Report on Unreliability of Drug Detecting Dogs
The Chicago Tribune has completed a review of three years of data on drug detection dogs used in traffic stops. It finds the dogs were wrong more often than they were right. Only 44% of positive alerts led to the recovery of drugs or paraphernalia. The success rate dropped to 27% for hispanic drivers.
Most courts hold that during a traffic stop, if a properly trained dog alerts, it amounts to probable cause to search the vehicle. The problem seems to be that many of the dogs, and their handlers, are not properly trained. Few states require certification and mandatory training and there is a paucity of "best practices" or even uniform standards. [More...]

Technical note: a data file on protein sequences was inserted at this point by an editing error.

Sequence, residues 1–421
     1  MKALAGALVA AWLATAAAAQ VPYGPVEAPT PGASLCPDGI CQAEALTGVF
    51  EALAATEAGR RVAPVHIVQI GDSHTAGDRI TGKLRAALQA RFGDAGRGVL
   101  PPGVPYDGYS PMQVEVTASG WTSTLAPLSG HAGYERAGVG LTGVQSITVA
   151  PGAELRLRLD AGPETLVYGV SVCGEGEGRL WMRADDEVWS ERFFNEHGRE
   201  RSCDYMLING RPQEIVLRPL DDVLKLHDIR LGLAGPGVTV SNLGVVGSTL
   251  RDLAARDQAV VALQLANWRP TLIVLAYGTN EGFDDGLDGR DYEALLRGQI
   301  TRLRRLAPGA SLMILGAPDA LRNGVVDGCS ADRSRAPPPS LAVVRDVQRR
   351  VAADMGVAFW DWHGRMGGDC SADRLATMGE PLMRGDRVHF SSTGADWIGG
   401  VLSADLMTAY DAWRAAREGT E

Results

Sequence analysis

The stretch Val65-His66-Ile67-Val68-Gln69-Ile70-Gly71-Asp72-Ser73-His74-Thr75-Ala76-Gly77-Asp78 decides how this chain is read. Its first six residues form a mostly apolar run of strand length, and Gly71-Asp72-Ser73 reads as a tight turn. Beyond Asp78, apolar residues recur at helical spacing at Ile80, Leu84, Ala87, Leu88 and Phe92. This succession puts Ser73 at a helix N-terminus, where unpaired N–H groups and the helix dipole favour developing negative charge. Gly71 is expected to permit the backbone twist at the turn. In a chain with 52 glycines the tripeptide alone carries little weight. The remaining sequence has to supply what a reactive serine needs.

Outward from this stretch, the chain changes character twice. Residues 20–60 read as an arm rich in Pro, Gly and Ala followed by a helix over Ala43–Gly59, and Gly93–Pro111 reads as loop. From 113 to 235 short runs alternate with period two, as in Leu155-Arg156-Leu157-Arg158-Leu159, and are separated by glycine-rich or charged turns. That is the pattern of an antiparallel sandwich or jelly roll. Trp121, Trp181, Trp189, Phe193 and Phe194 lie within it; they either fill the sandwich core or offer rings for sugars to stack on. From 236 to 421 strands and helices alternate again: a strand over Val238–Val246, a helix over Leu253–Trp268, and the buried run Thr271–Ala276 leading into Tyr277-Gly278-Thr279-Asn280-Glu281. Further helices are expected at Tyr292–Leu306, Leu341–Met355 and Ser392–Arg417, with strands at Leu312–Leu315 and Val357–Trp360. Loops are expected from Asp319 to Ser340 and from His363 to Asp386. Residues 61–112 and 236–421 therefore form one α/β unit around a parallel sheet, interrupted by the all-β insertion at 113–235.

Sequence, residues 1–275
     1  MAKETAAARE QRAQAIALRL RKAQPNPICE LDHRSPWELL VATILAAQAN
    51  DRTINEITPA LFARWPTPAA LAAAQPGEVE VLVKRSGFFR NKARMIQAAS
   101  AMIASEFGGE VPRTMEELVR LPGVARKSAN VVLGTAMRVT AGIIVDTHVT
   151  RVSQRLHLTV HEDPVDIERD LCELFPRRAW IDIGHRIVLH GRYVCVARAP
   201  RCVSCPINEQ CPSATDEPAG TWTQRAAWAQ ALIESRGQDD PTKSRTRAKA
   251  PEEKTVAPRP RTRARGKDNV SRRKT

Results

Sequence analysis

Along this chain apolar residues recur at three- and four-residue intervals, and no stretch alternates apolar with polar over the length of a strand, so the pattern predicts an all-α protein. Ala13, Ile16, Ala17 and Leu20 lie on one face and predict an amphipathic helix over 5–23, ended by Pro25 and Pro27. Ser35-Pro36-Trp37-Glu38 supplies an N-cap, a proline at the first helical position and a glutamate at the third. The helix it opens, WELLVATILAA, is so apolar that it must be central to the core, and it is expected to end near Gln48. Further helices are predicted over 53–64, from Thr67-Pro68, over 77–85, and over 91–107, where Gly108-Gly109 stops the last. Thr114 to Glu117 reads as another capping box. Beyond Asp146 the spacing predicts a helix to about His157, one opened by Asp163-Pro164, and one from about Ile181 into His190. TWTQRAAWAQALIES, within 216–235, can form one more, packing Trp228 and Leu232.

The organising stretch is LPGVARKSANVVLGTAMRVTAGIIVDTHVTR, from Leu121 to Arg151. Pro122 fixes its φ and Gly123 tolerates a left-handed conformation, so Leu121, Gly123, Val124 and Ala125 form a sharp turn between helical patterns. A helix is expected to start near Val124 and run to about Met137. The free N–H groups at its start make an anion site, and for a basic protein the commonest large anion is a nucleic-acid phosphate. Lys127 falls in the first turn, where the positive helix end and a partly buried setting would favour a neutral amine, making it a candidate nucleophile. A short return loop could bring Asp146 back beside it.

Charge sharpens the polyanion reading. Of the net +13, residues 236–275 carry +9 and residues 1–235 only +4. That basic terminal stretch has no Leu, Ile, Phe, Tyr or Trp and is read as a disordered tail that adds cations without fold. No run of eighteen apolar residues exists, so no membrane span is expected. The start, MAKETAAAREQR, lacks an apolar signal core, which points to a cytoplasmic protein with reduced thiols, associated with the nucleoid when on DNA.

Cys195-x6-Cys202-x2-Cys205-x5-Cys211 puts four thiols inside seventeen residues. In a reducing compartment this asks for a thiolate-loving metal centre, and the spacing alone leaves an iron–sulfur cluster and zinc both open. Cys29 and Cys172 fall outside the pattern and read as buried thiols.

Even advocates for the use of drug-sniffing dogs agree with experts who say many dog-and-officer teams are poorly trained and prone to false alerts that lead to unjustified searches. Leading a dog around a car too many times or spending too long examining a vehicle, for example, can cause a dog to give a signal for drugs where there are none, experts said.
There are also issues with dogs responding to a handler’s cues rather than to actual drug odors.
For more, check out "Those Doggone Sniffs Are Often Wrong: The Fourth Amendment Has Gone To The Dogs."
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